Locals to seek judicial review of ‘monstrous’ plan for O’Devaney Gardens

Over 1,000 apartments to be built on Dublin 7 site after planners backed Bartra scheme


A €400 million redevelopment of the O’Devaney Gardens in Dublin 7 to include more than 1,000 apartments and one 14-storey and two 12-storey tower blocks has been condemned as “monstrous” by local residents, who have vowed to seek a judicial review to stop the project.

The scheme proposed by developer Richard Barrett’s Bartra is made up of 10 apartment blocks with 1,047 units on the site near Stoneybatter and the Phoenix Park.

The project, given the green light by An Bord Pleanála last month, is around 40 per cent larger than the original schemes backed by Dublin City Council in 2019 and is significantly different to the low-rise project initially envisioned.

Under the proposals there will be 30 per cent social housing, 20 per cent affordable housing with the remaining 50 per cent to be sold on the private market. A condition of the planning permission means that the units are restricted to individual purchasers or those qualifying for cost rental or social housing.

Around 100 local residents gathered on Saturday for a meeting in a small park, which will be in the shadow of the development if it goes ahead, to hear from legal and housing experts, locals and public representatives.

Brian O’Connor, chairman of the Stoneybatter-O’Devaney Action Group, told the meeting that the community was “not against development”.

“We all want to see the O’Devaney Garden site developed, it has been a particularly unlucky site to have remained undeveloped for so long. It’s such a vibrant part of the city and with such potential, we can do much better than the proposal that is imminent,” he said.


The site has been earmarked for redevelopment for close to two decades. However, the previous plans collapsed, most notably when developer Bernard McNamara pulled out of a public private partnership scheme as the economy tanked in 2008.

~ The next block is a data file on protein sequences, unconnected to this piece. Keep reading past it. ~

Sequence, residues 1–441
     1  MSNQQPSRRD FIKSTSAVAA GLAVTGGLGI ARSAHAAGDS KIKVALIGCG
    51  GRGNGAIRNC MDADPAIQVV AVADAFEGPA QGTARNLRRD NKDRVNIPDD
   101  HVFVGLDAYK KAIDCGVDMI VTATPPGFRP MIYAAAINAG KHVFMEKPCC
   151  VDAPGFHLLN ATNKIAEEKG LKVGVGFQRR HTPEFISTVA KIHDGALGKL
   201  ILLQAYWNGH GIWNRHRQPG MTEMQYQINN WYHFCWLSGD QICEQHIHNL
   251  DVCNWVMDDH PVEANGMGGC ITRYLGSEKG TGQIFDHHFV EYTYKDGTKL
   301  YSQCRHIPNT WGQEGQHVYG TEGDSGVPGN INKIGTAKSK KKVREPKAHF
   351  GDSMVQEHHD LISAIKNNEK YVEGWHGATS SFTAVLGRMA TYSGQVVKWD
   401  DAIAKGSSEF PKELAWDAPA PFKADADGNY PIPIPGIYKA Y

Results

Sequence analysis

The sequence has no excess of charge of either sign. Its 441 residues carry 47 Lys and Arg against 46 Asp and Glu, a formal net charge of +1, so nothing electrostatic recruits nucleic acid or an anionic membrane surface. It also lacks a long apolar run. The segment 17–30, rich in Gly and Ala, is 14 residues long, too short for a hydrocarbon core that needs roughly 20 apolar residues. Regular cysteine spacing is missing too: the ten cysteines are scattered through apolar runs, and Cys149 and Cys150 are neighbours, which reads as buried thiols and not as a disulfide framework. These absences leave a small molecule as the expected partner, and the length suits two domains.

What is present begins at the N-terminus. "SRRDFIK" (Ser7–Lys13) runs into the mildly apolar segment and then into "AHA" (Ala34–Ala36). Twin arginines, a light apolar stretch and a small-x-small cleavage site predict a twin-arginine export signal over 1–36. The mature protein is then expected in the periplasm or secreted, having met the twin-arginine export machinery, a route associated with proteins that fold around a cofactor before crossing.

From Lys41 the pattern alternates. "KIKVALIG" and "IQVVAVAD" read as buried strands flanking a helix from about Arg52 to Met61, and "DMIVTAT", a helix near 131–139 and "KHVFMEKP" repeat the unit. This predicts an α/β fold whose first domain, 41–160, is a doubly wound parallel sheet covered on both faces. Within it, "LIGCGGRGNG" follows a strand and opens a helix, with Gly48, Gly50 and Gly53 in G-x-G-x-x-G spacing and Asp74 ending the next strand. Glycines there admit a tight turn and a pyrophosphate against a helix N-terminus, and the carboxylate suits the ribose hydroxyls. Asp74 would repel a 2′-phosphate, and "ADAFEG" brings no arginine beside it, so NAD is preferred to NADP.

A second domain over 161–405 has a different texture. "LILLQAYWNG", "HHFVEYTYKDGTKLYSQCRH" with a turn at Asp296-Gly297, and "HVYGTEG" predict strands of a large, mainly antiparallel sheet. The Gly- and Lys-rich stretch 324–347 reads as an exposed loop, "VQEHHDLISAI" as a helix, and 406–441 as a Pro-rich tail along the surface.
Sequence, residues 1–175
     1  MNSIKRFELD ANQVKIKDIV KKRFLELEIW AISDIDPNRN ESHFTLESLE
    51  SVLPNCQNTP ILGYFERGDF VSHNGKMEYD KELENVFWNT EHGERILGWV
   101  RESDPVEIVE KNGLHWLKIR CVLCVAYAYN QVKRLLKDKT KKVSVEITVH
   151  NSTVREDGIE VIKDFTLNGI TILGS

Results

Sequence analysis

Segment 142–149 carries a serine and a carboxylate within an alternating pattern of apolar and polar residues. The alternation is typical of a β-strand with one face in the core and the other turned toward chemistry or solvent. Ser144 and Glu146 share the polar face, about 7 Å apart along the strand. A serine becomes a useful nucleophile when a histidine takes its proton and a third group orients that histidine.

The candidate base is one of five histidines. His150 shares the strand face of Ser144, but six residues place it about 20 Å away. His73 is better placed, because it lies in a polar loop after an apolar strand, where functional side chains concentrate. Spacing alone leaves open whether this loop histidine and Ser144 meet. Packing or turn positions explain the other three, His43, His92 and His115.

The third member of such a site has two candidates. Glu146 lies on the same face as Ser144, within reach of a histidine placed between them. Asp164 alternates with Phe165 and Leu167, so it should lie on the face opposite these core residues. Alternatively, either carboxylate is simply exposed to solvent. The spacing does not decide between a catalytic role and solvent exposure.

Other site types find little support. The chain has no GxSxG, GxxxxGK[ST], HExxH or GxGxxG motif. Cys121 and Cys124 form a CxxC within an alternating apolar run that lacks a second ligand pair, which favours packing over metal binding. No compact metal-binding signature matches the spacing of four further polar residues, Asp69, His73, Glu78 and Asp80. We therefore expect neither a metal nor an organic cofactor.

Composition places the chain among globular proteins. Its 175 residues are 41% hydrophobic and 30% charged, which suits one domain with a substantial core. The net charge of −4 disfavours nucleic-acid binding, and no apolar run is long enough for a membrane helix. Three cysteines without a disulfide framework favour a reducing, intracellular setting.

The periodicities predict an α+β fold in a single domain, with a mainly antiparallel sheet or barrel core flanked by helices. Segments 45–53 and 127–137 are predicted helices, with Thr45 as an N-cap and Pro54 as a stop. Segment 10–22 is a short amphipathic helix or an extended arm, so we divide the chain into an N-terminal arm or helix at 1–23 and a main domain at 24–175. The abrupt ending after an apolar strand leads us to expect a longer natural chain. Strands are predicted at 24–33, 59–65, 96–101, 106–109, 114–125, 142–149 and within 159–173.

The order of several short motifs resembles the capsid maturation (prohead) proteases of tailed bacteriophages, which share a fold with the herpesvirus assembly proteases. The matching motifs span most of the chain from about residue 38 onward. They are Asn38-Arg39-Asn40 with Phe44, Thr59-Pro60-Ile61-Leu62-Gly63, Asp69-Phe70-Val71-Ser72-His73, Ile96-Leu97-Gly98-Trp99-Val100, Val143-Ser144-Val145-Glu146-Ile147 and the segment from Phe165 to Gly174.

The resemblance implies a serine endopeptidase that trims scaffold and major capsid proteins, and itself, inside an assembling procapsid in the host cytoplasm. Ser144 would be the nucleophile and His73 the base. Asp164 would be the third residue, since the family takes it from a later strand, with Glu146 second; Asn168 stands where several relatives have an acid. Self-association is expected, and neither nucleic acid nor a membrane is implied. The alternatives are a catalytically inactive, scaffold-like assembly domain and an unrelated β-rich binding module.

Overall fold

Mr O’Connor said the scheme agreed in 2019 contained 724 units while the current one had more than 1,000. He questioned whether the area could cope with such a large development with the potential for an extra 3,000 people.

“This area cannot take the monstrous scale of this scheme, one that does not remotely reflect or respect the existing historic architectural context of cottages, terraces, military squares, avenues, monuments or parks. This is the unique character of this area,” he said.

He added that the revised application when it appeared in May “was sudden and shocking”.

“The public were allowed only five weeks to lodge an observation on a huge and complex scheme most were seeing for the first time.”

He said the concerns of the local community had effectively been ignored in the planning process.

Lorcan Sirr, a TU Dublin academic and housing policy analyst, told the meeting that the development exemplified “much of what has gone wrong with planning, particularly since about 2015”.

He said that from an architectural perspective the development was “incredibly inappropriate” and it was on a scale which was “materially breaching Dublin City’s development plan”.

Labour councillor Joe Costello, the only public representative to address the gathering, said the approval for the scheme in 2019 was given in the context of the city development plan, which favoured low rise developments.

“There was no mention of 14 storey or 10 storey, high-rise developments.”


Mr Costello said that once agreement had been reached between the developer and Dublin City Council “the expectation was that this was going to be a lowrise development, in tune with the low-rise nature and character of the houses in the surrounding area”.

He said the density of the proposed development had climbed dramatically and now appeared to be “in direct breach of the agreement that was made and signed between the city council and Bartra”.

Solicitor Fred Logue outlined the legal avenues the action group could take including seeking a judicial review of the development. He told the meeting that his legal firm was looking into around 40 different developments with around 25 judicial reviews either pending or completed.

“The recurring themes are [PLANS BEING]in material contravention of the development plan, a lack of public participation and inadequate environmental assessments,” he said.